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Thursday, April 20, 2017 @ 8:39 AM  


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Appeal by the Municipal Property Assessment Corporation (MPAC) from a decision by the Assessment Review Board in favour of the respondent, Loblaw Properties. The respondent owned and operated a grocery store on the edge of a ravine, near a subway station, with unobstructed views of downtown Toronto. The present zoning permitted 200,000 square feet of residential gross floor area. The property currently included an 18,180 square foot single-storey grocery store and a surface parking lot. The respondent appealed the 2006 through 2012 taxation assessments on the basis the assessments included a three-storey parking garage that had been demolished in 2001. MPAC sought an increase in assessment on the basis the property should be assessed as development lands rather than using the Grocery Store Model and Large Income Retail Analysis. The Board accepted MPAC's approach to assessment. It determined that the current value of the respondent's lands was $8.4 million for the 2006 through 2008 taxation years, and $10.9 million for the 2009 through 2012 taxation years. However, the Board applied the principle of equity in ss. 44(2) and 44(3)(b) of the Assessment Act to lower the assessed value of the lands to $1.6 million as of January 2005 and $3 million as of January 2008. MPAC appealed on the basis the Board erred in its application of the equity principle.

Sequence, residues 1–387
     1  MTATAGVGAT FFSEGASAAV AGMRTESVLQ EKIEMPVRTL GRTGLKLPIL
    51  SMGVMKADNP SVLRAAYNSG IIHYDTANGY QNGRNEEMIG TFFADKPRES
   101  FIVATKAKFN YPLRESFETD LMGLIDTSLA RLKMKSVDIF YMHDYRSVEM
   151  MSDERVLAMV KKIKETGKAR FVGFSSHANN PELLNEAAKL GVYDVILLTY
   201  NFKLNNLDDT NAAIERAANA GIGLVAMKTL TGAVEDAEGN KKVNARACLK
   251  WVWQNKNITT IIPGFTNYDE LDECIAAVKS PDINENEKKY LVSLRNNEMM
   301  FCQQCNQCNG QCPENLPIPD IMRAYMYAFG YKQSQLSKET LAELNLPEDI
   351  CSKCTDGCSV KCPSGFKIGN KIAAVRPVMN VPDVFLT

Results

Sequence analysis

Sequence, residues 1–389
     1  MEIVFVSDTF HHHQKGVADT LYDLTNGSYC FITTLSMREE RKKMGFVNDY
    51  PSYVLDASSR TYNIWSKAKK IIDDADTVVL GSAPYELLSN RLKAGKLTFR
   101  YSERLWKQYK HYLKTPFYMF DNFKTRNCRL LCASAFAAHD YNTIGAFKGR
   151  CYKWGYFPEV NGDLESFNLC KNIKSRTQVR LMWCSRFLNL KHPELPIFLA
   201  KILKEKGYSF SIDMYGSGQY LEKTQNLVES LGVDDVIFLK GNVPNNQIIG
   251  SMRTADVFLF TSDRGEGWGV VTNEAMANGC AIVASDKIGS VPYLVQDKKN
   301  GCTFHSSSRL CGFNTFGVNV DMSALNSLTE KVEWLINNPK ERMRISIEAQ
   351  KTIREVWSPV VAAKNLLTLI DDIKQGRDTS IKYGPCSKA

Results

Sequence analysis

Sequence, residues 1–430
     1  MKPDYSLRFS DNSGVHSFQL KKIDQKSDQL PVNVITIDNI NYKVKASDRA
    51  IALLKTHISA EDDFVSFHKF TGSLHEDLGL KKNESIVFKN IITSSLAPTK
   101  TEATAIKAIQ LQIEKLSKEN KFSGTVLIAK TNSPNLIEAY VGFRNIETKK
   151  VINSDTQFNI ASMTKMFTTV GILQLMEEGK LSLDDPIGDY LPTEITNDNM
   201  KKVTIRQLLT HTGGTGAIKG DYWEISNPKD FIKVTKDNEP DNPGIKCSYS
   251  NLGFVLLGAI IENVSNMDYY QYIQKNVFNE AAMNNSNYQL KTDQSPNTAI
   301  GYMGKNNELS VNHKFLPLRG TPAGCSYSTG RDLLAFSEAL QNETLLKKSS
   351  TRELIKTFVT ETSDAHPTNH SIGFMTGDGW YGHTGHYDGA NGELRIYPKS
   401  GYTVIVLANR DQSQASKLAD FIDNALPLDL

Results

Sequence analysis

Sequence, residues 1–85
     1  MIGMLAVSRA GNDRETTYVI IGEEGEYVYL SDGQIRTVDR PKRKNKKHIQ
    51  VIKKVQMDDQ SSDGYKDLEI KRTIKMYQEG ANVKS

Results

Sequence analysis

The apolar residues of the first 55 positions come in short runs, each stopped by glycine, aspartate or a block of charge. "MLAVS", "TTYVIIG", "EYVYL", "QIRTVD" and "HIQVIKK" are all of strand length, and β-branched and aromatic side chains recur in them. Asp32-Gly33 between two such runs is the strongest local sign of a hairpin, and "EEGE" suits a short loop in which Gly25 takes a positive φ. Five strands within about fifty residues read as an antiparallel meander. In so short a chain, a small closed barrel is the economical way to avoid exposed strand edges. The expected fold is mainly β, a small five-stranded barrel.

HELD: Appeal allowed. The Board's reasons for its ruling failed to adequately canvass the test for application of the equitable principle, and failed to state why it limited its consideration to two other similar grocery stores in the area. In respect of comparable properties, a single point of similarity, such as use, was not necessarily determinative. The application of the equitable principle resulted in assessed values below 30 per cent of current values, and significantly below the current value of the comparable properties. The lack of discernable analysis of the core issue or explanation for use of the sole comparator of grocery stores given the unique nature of the respondent's property meant that the decision lacked justification and was therefore unreasonable. The Board's decision, as it related to the application of the equitable principle, was set aside and remitted for redetermination.

Municipal Property Assessment Corp. v. Loblaw Properties Ltd., [2017] O.J. No. 1010, Ontario Superior Court of Justice - Divisional Court, G.B. Morawetz R.S.J., I.V.B. Nordheimer and G.M. Mulligan JJ., March 1, 2017. Digest No. TLD-Apr172017008